The few young farmers who are bucking the trend and have decided either to become first-generation dairy farmers or to continue their family’s farm have a vital role to play  in ensuring that dairy farms remain a foundational piece of Maine’s farm and food system. These are some of those farmers.

the milkhouse

SOUTH MONMOUTH

Caitlin Frame, Andy Smith, with son Linus, first-generation dairy farmers

For Caitlin and Andy, producing good food “is extremely gratifying work. It’s amazing to think of all the people who are nourished by what we produce on our farm. All that milk, meat, yogurt—that incredibly rich, nourishing animal protein—starts with just sun, soil, grass, and water, and we get to be part of stewarding it.”

Caitlin and Andy feel fortunate to be able to pursue their dairy farming dreams. The support

of organizations like Maine Organic Farmers and Gardeners Association and Maine Farmland Trust helped them access education, and eventually, a farm of their own. When they think about the future dairy farms in Maine, their hope is that “small and midsize dairy farms can become profitable again…we’re counting on it. And we’re counting on organizations like MFT to make the large land base necessary for such operations accessible.”

 

santy dairy

SKOWHEGAN

Brad Santy, second-generation dairy farmer

When he looks ahead to the future of his farm, Brad Santy is hopeful. He feels good about the decision  to be an organic dairy farmer, and thinks that will help put the farm in a better position for his kids, who he hopes will want to take over someday. “It’s tough to start a farm with such huge overhead involved—land, infrastructure, equipment, and a herd,” said Brad. “It’s incredibly hard to start small, too, with one tractor and 10 cows. I don’t really know anyone who started a dairy farm from scratch without taking on an

enormous amount of debt.”

Taking over an established family farm may be a bit easier than starting from scratch, but dairy farming will always be challenging. Equipment is expensive, milk prices go up and down, and access to enough land for pasture and feed is often a concern. And yet, if you love dairy farming as much as Brad Santy does, the decision to take on those challenges is an easy one. As Brad’s tattoo reads: “Farm on.”

fletcher farm

PITTSFIELD

Austin and Walter Fletcher, fifth and fourth-generation dairy farmers, respectively

Though Austin Fletcher grew up on his family’s dairy farm, he wasn’t always sure farming was what he wanted to do for a living. “There was a time in high school when I definitely wanted nothing to do with it,” he said. “I didn’t hate it, but I didn’t think I wanted to do it.” But after leaving Maine and working other jobs and on other farms, Austin felt the pull back to his roots.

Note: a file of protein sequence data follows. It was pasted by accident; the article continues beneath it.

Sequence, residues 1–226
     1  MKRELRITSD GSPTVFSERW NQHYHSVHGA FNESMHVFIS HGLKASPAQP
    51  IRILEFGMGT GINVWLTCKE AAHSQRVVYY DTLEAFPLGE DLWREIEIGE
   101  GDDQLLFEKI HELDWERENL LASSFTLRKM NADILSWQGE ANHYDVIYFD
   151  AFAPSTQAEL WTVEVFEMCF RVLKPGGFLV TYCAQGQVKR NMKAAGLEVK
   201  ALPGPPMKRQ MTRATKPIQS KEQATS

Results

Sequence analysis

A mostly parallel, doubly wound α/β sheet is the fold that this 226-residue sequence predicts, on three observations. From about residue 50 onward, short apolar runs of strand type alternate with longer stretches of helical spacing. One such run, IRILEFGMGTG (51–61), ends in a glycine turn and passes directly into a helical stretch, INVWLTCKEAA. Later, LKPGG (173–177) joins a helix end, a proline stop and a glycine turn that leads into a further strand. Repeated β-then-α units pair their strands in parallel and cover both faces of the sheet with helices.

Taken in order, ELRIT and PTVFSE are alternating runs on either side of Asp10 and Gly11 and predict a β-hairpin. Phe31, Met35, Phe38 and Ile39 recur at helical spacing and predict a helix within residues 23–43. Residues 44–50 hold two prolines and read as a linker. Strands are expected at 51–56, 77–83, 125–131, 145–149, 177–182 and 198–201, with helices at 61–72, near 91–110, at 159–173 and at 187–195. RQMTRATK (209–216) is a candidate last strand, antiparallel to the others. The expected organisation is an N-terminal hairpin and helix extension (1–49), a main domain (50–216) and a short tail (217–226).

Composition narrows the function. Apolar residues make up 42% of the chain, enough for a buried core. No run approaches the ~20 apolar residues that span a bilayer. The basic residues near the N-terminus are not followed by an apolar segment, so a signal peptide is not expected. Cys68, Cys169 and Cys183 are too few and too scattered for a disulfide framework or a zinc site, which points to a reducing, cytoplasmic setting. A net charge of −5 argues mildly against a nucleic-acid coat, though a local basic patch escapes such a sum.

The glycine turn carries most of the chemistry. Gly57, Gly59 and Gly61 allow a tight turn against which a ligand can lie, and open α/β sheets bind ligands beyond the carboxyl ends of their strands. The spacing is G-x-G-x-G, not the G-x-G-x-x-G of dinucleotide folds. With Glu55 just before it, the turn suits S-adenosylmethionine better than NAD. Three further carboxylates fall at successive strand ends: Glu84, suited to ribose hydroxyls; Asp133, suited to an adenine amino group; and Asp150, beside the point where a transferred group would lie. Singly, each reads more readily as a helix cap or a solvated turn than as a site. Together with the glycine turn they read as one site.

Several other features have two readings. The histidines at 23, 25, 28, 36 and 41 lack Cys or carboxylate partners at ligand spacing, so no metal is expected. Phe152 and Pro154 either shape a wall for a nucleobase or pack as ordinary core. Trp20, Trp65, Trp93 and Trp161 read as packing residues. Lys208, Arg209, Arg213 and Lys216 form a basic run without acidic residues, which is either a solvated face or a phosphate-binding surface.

At 33, he’s happy to be back in Pittsfield, working alongside his dad, and preparing to continue the

family business. The plan is for Austin to take over the farm gradually as Walter transitions away from farming full-time. “There is a personal satisfaction,” said Walter, “a sense of accomplishment, when your children look at what you have done and see some- thing worthwhile. And when one of them says, ‘I see what you’ve done and I would like to be a part of it, to build on it and carry it forward,’ it is the greatest com- pliment that I could receive. It makes me very proud.”

bo lait farm

WASHINGTON

Conor and Alexis Macdonald, first-generation dairy farmers

While neither Conor nor Alexis grew up on dairy farms, they both “really love cows and love working with large animals, so we wanted to start a business doing just that,” said Alexis. “So many of our friends and family tell us they never would have thought we’d have become dairy farmers, but it seems to embody so many of the things that are important to us: animals, nature, hard work, community. It can be exhausting and maddening and frustrating at times, but it’s also empowering and rewarding.”

While their decision to become dairy farmers was relatively easy,

being dairy farmers is anything but. Without a background in dairy farming, their learning curve has been steep, and making it work is a constant challenge. “There’s so much to know when you’re running a farm. You’re a vet, plumb-  er, carpenter, accountant, manager, electrician, mechanic … the list goes on. Most dairy farmers we know still claim to have only learned the tip of the

iceberg, even with decades of experience under their belts. It’s no exaggeration to say we learn something new every day, whether we want to or not.”

Let's grow a bright future for farming in Maine, together.